Brain Awareness Week
March 12-18, 2018 is Brain Awareness Week (though some places “celebrate” for the entire month). According to the Society for Neuroscience, the Brain Awareness Campaign is a global campaign first launched by The Dana Alliance for Brain Initiatives that celebrates the human brain by bringing together scientists and communities and creating public awareness around scientific advances in brain research that are changing our world today and into the future.
Want to celebrate Brain Awareness Week? To find Brain Awareness Week events near you check out the Dana Foundation BAW calendar.
Brain Science Past, Present, and Future
This topic has inspired us to discuss how Carrier Clinic® approaches mental health and addiction treatment with brain science. Here’s a look at what Carrier Clinic has done in the past, is currently doing in the present, and hopes to do in the future in regard to brain science.
First employed in the late 1930s—but not to be confused with the harsher “shock treatments” of decades past—Electroconvulsive Therapy (ECT) uses smaller electric currents to trigger brief seizures in the brain; “resetting” brain chemistry and effectively reversing symptoms. ECT treatment is a safe, effective, and humane option for such severe mental disorders as psychotic depression, Bipolar Disorder, catatonia, aggressive dementia, and treatment-resistant Schizophrenia. It is typically administered three times per week to patients under general anesthesia.
As patients are unconscious or asleep during ECT, nothing is felt during the procedure. After ECT treatment, it is common that a patient may experience headaches and muscle aches, which are usually mild and tolerable and treatable with over-the-counter pain relief medication.
Correcting a common misperception, Dr. Umesh S. Mehta, Chief Medical Officer at Carrier Clinic, observes that “ECT doesn’t have to be the last step in the process…it’s quick, effective, and at times it can carry less risk than psychotropic medications.”
Nexalin Clinical Trials
Carrier Clinic is currently conducting a clinical trial designed by the University of Pennsylvania to test the effectiveness of Nexalin transcranial stimulation (TCS), a non-invasive, non-pharmacological treatment for Major Depressive Disorder (MDD). The trial is expected to be completed by the end of June, with data available soon thereafter.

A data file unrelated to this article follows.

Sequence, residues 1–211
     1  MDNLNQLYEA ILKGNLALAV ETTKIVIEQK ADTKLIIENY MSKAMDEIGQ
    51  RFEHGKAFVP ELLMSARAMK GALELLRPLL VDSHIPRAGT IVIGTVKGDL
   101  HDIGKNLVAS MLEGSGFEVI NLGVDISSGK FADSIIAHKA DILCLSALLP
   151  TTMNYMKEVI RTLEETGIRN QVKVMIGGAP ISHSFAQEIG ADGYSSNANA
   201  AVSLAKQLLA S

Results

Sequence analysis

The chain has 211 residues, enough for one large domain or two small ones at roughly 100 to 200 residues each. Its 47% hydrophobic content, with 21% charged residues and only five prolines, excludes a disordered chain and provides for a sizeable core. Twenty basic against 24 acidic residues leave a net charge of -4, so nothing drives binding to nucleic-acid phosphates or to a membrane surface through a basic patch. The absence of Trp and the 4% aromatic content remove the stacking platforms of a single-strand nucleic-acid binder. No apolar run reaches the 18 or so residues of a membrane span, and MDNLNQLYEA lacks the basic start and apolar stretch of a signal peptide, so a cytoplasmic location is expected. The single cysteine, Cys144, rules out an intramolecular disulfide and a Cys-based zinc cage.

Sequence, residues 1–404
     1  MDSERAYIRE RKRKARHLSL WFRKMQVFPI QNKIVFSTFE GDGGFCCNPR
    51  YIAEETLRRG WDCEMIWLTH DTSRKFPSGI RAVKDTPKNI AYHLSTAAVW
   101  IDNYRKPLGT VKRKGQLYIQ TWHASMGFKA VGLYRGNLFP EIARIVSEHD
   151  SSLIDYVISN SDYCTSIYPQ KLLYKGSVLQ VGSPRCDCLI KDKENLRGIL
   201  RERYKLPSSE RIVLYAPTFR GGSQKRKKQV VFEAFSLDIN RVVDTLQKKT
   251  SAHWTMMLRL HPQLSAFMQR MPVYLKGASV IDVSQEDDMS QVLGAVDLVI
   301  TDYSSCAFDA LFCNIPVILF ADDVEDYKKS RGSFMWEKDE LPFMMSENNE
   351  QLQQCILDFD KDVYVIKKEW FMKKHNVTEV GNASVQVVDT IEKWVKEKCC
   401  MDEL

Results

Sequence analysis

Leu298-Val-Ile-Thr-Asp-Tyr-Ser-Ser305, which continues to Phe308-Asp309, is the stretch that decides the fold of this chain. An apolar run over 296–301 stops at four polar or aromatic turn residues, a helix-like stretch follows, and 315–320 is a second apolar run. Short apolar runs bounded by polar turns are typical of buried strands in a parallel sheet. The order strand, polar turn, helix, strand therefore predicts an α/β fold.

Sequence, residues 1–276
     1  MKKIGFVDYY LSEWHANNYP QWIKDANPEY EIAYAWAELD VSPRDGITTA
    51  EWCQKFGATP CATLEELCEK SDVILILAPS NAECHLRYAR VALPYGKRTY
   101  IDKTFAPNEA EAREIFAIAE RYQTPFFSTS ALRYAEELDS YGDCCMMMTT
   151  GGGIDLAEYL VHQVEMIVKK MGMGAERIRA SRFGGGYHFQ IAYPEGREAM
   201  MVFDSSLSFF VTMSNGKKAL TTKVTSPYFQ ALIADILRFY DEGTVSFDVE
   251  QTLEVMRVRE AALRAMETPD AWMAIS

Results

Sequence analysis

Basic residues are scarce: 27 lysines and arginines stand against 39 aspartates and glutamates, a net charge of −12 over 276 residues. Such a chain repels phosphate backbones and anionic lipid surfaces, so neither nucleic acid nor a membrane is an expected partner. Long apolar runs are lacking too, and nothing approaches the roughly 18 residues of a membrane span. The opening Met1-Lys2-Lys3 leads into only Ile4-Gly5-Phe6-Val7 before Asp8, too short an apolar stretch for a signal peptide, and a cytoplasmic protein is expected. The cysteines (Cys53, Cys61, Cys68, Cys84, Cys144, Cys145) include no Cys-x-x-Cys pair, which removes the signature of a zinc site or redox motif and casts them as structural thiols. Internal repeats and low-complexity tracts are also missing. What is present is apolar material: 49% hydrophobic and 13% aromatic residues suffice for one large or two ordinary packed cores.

Launching later this month, Carrier Clinic will be conducting its largest clinical trial to date, designed by the University of Arizona to test the effectiveness of Nexalin to reduce cravings and withdrawal symptoms, such as depression, anxiety, and sleep issues, associated with early recovery from drug and alcohol addiction. Half of the trial will examine patients recovering from opioid addiction; half will examine patients recovering from alcohol and Benzodiazepines.
Carrier Clinic has taken an early lead in offering this drug-free, non-invasive, and FDA cleared substance abuse treatment. Developed by the California-based medical technology company of the same name, Nexalin involves a device that, according to the manufacturer, “emits a patented, frequency-based waveform that interacts with structures of the midbrain that help to regulate and stabilize neurochemicals.” Described as “a safe, natural option” in the treatment of anxiety, depression, and insomnia, the Nexalin treatment is administered in the clinical setting by a trained and certified technician, in multiple sessions generally lasting 40 minutes and extending over the course of two to four weeks. Since the treatment involves no sedation, patients can resume all normal activities immediately after undergoing a Nexalin session.
Anecdotally, patients report that the experience is painless and quite relaxing.
“Carrier Clinic’s dedication to the pursuit of advancement in the brain health field—particularly brain sciences—is evident in the fact that over 80 staff members are certified to help participate in the trials,” said Andrew Walsh, Clinical Trials Coordinator at Carrier Clinic.
Exploring New Innovations
Carrier Clinic is pleased to announce that, in order to further advancement in technology and brain innovation, the organization is forming a cohort of Princeton University interns for multidisciplinary backgrounds to serve as an impromptu “think tank” to consider and explore potential innovative projects, such as facial recognition software to improve the quality of telepsychiatry, and wearable devices that alert healthcare providers of patients’ risk of relapse.
Learn More About Carrier Clinic
Carrier Clinic is an NJ psychiatric hospital and recovery center. Want to learn more about our over 100-year history in mental health treatment and rehab programs?